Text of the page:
Testing STEM and Literacy

Blessed Trinity students test STEM and literacy superheroes for new PBS TV program

By Kathy Schneeman

For students at Blessed Trinity Catholic School (BTCS) in Richfield, a chance encounter led to assisting with the production of the new Twin Cities PBS program Hero Elementary, premiering summer 2020.

First grade teacher Melody Wyrick was at a coffee shop discussing strategies for keeping students engaged in the classroom when Joan Freese, PBS executive producer, piped in. 

“She suggested my students help test concepts of a new show focusing on STEM and literacy,” Wyrick said. 

Hero Elementary is a cartoon that follows the adventures of young superheroes as they investigate, observe and test ideas. It follows a science curriculum encompassing ebooks, hands-on activities, games and interactive notebooks that supports school readiness for grades K-2.

Its emphasis on science, technology, engineering and mathematics (STEM) and literacy concepts aligns with key initiatives supported by the Catholic Schools Center of Excellence (CSCOE). This includes the C-STEM Lending Library and Groves Academy partnership that aims to ensure all students are fluent readers and spellers by third grade.

“Learning to read at an early age unlocks education throughout a lifetime,” BTCS Principal Patrick O’Keefe explained. “The more ways we can provide access to literacy, the better chance for every child to thrive.”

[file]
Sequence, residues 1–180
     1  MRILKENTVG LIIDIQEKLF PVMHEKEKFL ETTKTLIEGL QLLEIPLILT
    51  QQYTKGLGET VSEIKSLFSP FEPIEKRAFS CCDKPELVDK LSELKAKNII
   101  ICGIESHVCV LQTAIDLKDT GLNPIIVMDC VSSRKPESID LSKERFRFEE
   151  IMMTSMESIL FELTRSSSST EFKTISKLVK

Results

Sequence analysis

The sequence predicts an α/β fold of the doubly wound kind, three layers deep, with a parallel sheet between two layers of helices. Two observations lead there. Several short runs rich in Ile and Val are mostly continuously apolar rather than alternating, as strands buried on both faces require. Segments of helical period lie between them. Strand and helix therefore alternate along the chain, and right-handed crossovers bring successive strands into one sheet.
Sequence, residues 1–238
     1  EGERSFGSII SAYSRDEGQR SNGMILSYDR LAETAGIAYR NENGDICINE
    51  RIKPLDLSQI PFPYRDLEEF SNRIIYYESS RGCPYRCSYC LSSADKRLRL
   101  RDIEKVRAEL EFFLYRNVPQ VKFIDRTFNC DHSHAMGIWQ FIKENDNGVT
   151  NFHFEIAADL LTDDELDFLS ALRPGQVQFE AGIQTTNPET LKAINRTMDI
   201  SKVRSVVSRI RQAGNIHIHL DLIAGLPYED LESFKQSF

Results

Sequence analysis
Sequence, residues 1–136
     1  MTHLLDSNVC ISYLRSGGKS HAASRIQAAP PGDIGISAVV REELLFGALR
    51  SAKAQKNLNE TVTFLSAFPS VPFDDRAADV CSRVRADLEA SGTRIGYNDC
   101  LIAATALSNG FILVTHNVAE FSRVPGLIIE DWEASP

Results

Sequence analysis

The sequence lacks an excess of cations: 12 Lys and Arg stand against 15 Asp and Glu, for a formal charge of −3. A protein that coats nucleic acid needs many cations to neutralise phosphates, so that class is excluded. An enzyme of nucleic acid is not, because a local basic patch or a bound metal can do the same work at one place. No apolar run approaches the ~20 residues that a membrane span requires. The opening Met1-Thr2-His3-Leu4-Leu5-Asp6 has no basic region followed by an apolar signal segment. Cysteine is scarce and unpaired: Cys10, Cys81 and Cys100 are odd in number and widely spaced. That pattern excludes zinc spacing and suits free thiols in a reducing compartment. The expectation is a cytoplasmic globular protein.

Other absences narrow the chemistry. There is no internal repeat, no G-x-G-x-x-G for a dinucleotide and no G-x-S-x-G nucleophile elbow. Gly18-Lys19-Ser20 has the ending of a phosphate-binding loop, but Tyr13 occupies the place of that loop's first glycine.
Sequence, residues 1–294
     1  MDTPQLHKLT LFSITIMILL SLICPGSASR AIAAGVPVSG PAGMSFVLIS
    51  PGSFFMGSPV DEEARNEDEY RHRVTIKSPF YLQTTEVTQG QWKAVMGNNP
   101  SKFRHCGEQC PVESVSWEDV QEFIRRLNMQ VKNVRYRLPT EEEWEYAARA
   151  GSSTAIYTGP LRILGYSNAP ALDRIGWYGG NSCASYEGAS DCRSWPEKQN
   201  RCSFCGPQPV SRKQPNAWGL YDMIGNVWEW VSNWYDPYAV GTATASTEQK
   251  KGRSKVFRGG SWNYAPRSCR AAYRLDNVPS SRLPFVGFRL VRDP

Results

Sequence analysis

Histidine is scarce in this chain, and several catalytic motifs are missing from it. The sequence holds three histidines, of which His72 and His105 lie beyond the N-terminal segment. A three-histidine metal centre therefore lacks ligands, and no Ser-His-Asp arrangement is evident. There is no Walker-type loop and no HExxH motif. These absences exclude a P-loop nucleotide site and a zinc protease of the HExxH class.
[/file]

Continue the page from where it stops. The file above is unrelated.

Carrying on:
Teamwork on display

The PBS Twin Cities team visited Wyrick’s classroom several times last school year, offering students the chance to work together, learn new skills and have fun. During a visit in February, first grade student Aaron Fragoso reached the getting lots of points,” he said.

Dr. Momo Hayakawa, PBS research associate, was impressed by the BTCS community.

“The reason we keep coming back to BTCS is because the children are very respectful, patient and diverse,” she said. “They have lots of ideas and are excellent with articulating helpful feedback, which helps us modify our program.” 

When Dr. Hayakawa asked what the students liked about helping with the show that day, first grade student Sophie Emilio answered, “I liked the story when the superheroes persevered.”

Dr. Hayakawa responded with a smile, acknowledging Emilio’s insightful view into the bigger lessons happening because of this unique partnership.

“Did you just use the word ‘persevere’?’” Dr. Hayakawa said. “Yes, when we work as a team, we need to persevere.”

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